As promised, and as embarrassing as it seems now, I'm reporting what happened...

It appears that one of our IT guys failed to type /G/ when he created the swap partition on this staging server and it ended up sized at 128M instead of 128G. (Fortunately, it's not a production server and I think we have safeties in place to guard against similaring screwing up those installations.)


This turned up visibly using htop. Unfortunately, though htopwas an early tool in our quest for what wasn't right, we were thinking it was something in NiFi, one of our processors in the flow, etc., concentrating on that angle, and we weren't looking at the top section output of htopuntil after poring through NiFi logs and eliminating all other suspicions.

Live and learn.

Russ

On 10/05/2016 06:21 PM, Andrew Grande wrote:
Just a sanity check, number of open file handles increased as per
quickstart document? Might need much more for your flow.

Another tip, when your server experiences undesired hiccups like that try
running 'nifi.sh dump save-in-this-file.txt' and investigate/share where
NiFi threads are being held back.

Andrew

On Tue, Oct 4, 2016, 10:54 AM Russell Bateman <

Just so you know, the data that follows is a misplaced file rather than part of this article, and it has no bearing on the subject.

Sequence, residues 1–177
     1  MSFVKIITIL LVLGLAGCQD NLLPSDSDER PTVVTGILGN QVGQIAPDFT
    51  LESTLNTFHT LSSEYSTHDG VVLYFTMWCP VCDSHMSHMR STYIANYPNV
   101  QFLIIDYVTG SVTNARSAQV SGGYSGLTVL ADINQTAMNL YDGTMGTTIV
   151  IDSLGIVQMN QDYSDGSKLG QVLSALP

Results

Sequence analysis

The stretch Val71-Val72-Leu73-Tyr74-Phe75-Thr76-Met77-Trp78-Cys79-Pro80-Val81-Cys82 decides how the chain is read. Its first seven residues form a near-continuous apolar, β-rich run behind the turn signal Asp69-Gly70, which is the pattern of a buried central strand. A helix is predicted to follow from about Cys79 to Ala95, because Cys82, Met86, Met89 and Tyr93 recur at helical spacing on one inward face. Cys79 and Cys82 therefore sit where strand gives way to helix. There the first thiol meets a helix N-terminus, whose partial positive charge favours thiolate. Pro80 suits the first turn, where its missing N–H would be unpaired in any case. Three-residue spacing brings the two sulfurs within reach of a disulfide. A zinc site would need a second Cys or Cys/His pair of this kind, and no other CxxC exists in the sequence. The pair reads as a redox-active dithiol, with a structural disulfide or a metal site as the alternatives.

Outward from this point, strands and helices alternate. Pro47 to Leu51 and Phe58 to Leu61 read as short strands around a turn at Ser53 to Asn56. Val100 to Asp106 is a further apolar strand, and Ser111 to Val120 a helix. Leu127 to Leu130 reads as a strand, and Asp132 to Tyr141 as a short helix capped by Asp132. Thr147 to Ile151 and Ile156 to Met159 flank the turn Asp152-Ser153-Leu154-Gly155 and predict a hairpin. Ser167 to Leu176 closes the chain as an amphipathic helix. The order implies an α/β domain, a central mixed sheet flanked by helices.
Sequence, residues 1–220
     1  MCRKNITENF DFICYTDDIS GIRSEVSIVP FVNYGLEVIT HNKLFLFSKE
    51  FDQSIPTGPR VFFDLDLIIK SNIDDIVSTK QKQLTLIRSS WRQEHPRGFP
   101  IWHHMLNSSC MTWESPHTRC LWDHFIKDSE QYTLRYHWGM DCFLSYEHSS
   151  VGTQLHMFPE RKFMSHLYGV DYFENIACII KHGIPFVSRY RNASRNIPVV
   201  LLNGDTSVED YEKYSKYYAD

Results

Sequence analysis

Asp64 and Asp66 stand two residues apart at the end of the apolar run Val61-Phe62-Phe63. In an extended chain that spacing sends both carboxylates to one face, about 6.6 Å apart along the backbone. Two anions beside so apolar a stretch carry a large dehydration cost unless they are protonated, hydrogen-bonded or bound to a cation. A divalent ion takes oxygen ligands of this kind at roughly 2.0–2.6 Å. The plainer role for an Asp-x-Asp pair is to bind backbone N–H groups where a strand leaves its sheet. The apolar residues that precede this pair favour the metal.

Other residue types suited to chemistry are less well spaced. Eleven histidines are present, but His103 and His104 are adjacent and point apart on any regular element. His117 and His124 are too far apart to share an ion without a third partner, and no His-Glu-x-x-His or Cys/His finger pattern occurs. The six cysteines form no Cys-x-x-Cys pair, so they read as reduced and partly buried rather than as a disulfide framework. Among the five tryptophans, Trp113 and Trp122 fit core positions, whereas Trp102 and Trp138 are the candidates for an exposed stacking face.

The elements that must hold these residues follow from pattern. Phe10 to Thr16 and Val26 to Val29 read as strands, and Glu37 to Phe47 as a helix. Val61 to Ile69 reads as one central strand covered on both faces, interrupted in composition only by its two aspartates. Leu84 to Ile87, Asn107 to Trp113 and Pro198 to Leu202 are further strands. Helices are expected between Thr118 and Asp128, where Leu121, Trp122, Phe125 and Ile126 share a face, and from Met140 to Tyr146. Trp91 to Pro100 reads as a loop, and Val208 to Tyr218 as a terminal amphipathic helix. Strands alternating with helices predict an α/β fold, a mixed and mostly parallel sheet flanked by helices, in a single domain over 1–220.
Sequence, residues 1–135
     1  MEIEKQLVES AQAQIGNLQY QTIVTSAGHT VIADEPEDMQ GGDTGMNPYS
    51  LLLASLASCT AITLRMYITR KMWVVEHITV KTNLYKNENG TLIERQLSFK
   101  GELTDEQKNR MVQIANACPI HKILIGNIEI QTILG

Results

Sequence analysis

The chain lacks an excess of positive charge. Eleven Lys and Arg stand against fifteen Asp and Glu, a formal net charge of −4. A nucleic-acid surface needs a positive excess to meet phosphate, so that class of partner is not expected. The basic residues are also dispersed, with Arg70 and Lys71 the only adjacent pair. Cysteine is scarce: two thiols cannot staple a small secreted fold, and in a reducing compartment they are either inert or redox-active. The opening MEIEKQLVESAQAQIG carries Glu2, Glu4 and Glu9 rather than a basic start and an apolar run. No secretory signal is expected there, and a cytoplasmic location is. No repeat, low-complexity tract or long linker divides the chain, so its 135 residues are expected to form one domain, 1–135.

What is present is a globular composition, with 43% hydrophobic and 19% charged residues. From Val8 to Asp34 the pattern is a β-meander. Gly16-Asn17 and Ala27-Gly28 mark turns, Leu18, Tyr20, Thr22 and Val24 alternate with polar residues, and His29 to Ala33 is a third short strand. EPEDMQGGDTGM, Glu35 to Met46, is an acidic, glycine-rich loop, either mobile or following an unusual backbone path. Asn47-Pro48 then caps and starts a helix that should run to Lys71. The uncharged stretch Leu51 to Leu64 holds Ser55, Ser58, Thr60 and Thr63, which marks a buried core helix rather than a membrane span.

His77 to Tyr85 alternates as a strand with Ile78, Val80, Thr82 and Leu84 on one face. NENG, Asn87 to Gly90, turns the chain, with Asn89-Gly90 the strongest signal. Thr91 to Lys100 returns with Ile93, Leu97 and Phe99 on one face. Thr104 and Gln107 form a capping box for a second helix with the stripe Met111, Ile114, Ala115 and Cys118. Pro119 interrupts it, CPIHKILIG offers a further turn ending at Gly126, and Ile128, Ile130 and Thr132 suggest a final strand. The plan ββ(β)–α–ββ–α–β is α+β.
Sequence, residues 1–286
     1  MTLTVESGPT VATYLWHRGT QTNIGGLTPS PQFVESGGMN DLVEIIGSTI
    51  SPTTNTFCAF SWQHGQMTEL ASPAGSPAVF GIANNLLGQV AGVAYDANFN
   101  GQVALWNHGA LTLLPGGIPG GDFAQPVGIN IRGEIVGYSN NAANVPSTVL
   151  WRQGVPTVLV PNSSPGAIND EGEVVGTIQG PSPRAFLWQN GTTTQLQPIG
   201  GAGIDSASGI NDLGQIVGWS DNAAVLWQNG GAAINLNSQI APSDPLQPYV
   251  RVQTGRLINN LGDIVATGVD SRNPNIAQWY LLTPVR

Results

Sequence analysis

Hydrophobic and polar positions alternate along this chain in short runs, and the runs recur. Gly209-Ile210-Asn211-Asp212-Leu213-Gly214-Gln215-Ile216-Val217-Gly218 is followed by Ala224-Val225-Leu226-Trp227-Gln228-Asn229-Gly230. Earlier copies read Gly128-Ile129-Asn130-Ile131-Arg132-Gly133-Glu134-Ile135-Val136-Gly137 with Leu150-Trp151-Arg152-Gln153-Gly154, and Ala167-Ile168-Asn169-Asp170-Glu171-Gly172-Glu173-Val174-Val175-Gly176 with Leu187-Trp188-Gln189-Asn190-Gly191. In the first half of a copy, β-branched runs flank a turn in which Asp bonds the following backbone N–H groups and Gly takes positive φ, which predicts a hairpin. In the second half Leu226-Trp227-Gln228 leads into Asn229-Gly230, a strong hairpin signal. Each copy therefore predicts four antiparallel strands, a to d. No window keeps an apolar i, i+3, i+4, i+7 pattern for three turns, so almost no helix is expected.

russell.bate...@perfectsearchcorp.com> wrote:

We use the templating to create FHIR XML, in this case, a

     <Binary>
        ...
        <content value="$flowfile_contents" />
     </Binary>

construct that includes a base-64 encoding of a PDF, the flowfile
contents coming into the templating processor. These can get to be
megabytes in size though our sample data was just under 1Mb.

Yesterday, I built a new, reduced flow restricting the use of my
/VelocityTemplating/ processor to perform only the part of that task
that I suspected would be taking so much time, that is, copying the
base-64 data into the template in place of the VTL macro. However, I
could not reproduce the problem though I did this on the very production
server (actually, more of a staging server, but it was the very server
where the trouble was detected in the first place).

Predictably (that is if, like me, you believe Murphy reigns supreme in